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    Quote Originally Posted by SheistyMike View Post
    So you're telling me that you're derailers, cassettes, triple chainrings, and shifters weigh less than a single freewheel and chainring? The OP is asking about the same bike in geared vs ss. I don't see how comparing carbon/al road bikes to steel ss bikes is relevant.
    No, he's saying most rode bikes are nice light frames from the modern age.

    Most fixed gears are lead/steel retro hunks of weight.

    Gears don't matter one way or another when you're running around with a 25 pound frame

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    Senior Member SheistyMike's Avatar
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    Maybe I see a different post #1 than you guys . In the one I see, he is deciding whether to get the geared or ss 69er.

    http://www.trekbikes.com/us/en/bikes...tain_hardtail/

  19. #19
    Senior Member maddyfish's Avatar
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    ^^^^^^Isn't that what I said?

    Quote Originally Posted by maddyfish View Post
    I don't see where he is aksing that at all. I see that he is asking whether to get a geared or SS bike. .
    And to answer that question fairly, we need more info
    Not too much to say here

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    Senior Member SheistyMike's Avatar
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    Sorry, I didn't see where you edited your post after rereading the OP.

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    Team Smartass middy's Avatar
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    Quote Originally Posted by maddyfish View Post
    I don't see where he is aksing that at all. I see that he is asking whether to get a geared or SS bike. To answer that I would need to know more about him, and where he lives.
    If he lives in a very flat place, like Toronto, or Miami, a SS might be for him. If he is 6 feet tall, 135 pounds, a SS might be for him. If he lives in western North Carolina, eastern Ky. and is fat like 5'10" 180, then a geared bike would be a better choice.
    The OP said the geared bike is 20% heavier, don't be obtuse.

    5'10" 180 lbs is fat? You need to hit the gym, Sally.
    Last edited by middy; 07-22-08 at 09:46 AM. Reason: Added the weight, so my smartass comment makes sense.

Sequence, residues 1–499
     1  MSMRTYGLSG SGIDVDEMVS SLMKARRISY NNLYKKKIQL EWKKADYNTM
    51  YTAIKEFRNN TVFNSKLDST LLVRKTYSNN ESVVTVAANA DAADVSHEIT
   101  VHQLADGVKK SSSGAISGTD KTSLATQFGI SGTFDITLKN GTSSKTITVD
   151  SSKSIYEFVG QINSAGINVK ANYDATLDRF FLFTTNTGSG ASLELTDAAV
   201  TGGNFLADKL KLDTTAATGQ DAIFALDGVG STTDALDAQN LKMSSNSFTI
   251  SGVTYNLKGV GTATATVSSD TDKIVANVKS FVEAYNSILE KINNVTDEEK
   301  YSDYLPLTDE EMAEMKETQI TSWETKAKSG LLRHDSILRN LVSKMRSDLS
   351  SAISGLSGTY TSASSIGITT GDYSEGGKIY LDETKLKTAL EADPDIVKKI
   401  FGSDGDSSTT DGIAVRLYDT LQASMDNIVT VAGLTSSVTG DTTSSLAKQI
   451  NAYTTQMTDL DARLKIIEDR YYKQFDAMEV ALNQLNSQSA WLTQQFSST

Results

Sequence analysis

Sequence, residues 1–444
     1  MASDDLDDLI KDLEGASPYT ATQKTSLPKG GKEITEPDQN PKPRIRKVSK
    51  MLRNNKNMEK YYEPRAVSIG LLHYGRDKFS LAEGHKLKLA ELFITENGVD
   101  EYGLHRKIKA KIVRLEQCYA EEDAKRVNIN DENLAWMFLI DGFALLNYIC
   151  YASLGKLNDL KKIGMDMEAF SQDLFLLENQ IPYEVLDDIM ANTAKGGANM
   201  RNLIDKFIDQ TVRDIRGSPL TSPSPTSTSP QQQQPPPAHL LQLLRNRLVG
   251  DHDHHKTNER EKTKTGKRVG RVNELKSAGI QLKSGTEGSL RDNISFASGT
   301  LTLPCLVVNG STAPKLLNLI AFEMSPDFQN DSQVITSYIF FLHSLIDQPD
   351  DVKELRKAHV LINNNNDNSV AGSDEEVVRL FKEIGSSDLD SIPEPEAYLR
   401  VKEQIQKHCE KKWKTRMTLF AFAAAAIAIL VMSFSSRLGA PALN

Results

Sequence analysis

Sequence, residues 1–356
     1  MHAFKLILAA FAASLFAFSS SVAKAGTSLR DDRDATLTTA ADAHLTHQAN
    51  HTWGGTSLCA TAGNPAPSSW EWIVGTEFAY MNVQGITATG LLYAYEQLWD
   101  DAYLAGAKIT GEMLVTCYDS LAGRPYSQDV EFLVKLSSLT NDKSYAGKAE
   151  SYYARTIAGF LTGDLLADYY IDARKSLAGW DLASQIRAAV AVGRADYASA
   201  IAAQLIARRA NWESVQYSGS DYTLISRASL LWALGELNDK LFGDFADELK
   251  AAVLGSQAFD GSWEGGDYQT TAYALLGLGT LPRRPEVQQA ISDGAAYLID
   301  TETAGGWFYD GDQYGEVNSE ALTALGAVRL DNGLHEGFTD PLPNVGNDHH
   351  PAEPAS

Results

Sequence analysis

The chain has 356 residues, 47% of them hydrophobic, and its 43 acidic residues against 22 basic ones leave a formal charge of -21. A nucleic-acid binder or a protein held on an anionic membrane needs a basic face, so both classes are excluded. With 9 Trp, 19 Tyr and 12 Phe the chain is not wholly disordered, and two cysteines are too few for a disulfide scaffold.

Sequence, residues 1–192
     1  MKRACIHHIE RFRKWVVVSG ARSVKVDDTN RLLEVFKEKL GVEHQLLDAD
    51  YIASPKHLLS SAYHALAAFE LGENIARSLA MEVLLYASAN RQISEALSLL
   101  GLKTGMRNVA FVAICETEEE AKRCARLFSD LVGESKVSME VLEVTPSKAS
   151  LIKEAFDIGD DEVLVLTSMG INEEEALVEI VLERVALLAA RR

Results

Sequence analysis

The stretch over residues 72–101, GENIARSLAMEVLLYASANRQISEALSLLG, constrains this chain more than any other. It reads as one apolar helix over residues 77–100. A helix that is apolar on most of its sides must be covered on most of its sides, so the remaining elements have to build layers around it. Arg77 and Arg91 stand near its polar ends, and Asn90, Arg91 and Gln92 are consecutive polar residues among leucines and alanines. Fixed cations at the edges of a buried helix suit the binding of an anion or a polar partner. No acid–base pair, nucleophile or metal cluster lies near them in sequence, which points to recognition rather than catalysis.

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    Senior Member aMull's Avatar
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    Quote Originally Posted by maddyfish View Post
    Hopefully you are talking about when you ride somewhere other than Toronto. Because as I remember there are not hills in Toronto.
    Toronto flat? You can't go more than 500m without some sort of an incline. Of course there are no mountains here, but a good portion of the time i am climbing, and i can do it better on my fixed gear.

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    Quote Originally Posted by maddyfish View Post
    My question to the OP is where in NJ do you live? How much do you weigh?
    I live in North Western Jersey where it can get quite mountainous actually because it's sort of in the Appalacian Mountain Range. I weigh 150lbs.

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    Senior Member jimisnowhere's Avatar
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    Quote Originally Posted by maddyfish View Post
    More BS. My geared bike weights 15.6 pounds, how much does your SSFG weigh?

    Most of the SSFG I see here, are 20+ pounds.

    DO you guys believe all this stuff, or is it just fun to talk about?
    So convert the Weight Weenie bike to SS, surprisingly it WILL weigh less.
    I can ride the solarcycle with no hands.

  25. #25
    No plan. peabodypride's Avatar
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    Quote Originally Posted by middy View Post
    The OP said the geared bike is 20% heavier, don't be obtuse.

    5'10" 180 lbs is fat? You need to hit the gym, Sally.
    Don't worry, he's just a weight weenie. 5'10" 220 is borderline fat.